Request target

When given an input URL such as, the path section of the URL gets extracted and is turned into /file in the HTTP request line. That item in the protocol is called the request target in HTTP. That is the resource this request interacts with. Normally this request target is extracted from the URL and then used in the request and as a user you do not need to think about it.

In some rare circumstances, user may want to go creative and change this request target in ways that the URL does not really allow. For example, the HTTP OPTIONS method has a specially define request target for magic that concerns the server and not a specific path, and it uses * for that. Yes, a single asterisk. There is no way to specify a URL for this, so if you want to pass a single asterisk in the request target to a server, like for OPTIONS, you have to do it like this:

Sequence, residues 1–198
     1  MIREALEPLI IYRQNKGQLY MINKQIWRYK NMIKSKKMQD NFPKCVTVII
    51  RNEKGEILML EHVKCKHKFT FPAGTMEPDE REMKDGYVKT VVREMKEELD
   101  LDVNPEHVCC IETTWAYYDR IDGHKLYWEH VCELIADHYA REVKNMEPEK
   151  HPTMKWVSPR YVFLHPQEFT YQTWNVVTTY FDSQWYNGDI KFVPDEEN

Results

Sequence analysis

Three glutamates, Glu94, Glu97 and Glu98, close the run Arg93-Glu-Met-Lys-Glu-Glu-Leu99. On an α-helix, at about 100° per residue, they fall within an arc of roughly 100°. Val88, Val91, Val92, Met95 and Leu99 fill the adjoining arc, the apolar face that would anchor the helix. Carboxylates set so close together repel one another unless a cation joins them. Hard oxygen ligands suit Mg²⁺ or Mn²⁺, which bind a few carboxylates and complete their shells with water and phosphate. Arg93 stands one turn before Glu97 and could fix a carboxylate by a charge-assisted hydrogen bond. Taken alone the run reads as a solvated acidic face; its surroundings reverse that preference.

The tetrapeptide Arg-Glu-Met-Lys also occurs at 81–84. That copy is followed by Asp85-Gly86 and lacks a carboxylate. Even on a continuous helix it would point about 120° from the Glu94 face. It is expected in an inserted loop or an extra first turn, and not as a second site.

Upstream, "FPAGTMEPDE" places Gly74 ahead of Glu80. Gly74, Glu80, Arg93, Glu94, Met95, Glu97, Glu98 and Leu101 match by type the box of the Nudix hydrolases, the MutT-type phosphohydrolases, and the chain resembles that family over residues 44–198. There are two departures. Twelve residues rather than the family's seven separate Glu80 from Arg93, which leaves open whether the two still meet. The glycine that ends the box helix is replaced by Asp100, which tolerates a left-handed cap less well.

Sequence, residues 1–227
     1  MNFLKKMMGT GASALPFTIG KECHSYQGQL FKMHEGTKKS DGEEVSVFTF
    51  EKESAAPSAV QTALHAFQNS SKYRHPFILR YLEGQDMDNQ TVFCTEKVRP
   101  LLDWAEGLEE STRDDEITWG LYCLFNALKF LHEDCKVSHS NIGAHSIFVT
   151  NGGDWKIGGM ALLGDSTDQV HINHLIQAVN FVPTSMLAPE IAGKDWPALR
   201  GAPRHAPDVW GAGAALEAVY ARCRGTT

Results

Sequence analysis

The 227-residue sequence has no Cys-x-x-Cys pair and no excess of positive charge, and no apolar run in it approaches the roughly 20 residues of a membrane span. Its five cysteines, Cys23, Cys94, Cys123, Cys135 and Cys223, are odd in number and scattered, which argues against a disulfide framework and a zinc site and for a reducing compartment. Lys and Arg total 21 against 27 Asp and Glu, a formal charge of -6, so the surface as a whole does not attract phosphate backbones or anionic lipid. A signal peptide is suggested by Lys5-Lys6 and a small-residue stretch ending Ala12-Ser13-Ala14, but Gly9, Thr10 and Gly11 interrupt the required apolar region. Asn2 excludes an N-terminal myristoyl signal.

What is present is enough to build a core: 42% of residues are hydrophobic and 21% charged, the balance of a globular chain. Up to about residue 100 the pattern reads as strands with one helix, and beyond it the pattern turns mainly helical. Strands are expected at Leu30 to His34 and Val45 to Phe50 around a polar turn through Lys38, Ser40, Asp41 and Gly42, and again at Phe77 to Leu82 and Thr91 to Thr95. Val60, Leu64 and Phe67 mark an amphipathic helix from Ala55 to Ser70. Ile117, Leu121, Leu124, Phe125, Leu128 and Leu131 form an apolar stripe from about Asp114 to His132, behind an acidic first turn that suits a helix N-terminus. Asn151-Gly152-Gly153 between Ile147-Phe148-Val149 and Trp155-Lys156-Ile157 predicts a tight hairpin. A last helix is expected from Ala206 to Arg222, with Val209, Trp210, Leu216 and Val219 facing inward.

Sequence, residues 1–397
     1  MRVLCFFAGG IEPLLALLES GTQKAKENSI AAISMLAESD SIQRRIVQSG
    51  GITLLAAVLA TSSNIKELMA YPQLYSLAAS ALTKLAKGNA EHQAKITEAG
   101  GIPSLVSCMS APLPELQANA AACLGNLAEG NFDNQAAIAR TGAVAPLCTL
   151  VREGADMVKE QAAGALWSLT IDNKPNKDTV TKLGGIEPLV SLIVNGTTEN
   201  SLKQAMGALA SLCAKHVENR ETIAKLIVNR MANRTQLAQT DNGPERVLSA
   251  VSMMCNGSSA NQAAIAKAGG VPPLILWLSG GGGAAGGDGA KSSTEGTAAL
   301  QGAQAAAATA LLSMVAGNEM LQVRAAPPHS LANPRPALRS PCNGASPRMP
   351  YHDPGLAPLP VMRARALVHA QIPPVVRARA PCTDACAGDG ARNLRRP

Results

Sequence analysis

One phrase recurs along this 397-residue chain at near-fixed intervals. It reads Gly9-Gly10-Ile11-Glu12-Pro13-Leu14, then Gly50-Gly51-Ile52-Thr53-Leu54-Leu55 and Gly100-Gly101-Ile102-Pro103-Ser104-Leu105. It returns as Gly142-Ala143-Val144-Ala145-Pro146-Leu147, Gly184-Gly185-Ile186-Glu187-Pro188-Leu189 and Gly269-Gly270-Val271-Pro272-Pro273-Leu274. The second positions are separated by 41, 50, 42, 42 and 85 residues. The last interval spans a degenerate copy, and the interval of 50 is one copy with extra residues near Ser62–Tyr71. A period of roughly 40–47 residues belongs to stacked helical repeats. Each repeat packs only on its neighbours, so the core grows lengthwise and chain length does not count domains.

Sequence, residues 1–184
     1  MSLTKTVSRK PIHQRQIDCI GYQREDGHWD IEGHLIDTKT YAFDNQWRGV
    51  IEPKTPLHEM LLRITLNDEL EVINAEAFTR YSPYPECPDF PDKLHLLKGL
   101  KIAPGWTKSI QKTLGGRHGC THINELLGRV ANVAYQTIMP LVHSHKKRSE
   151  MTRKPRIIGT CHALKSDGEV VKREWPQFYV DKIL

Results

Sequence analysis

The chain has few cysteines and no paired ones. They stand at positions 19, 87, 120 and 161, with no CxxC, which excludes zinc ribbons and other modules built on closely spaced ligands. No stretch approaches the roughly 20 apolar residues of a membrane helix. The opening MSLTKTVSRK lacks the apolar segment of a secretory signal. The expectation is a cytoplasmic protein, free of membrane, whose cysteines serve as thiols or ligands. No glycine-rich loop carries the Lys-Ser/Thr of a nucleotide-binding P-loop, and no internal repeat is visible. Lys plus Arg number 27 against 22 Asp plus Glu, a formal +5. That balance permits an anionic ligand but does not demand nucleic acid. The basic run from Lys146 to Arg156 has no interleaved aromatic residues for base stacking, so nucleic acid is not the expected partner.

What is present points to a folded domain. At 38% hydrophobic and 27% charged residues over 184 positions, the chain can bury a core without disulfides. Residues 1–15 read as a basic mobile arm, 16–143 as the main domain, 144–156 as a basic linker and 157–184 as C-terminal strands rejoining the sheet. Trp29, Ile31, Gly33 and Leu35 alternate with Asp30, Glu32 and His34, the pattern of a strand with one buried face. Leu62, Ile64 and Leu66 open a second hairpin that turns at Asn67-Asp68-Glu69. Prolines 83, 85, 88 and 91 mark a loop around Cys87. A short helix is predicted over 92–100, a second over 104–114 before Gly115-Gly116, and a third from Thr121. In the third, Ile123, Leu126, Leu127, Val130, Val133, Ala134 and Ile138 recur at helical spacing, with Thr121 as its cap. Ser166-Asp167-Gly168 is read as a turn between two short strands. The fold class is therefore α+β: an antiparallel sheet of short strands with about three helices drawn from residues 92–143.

curl -X OPTIONS --request-target "*"

That example command line makes the first line of the outgoing HTTP request to look like this:



The path part of the URL is the part that starts with the first slash after the hostname and ends either at the end of the URL or at a '?' or '#' (roughly speaking).

If you include substrings including /../ or /./ in the path, curl automatically squashes them before the path is sent to the server, as is dictated by standards and how such strings tend to work in local file systems. The /../ sequence removes the previous section so that /hello/sir/../ ends up just /hello/ and /./ is simply removed so that /hello/./sir/ becomes /hello/sir/.

To prevent curl from squashing those magic sequences before they are sent to the server and thus allow them through, the --path-as-is option exists.

Lame attempt to trick the server to deliver its /etc/passwd file:

curl --path-as-is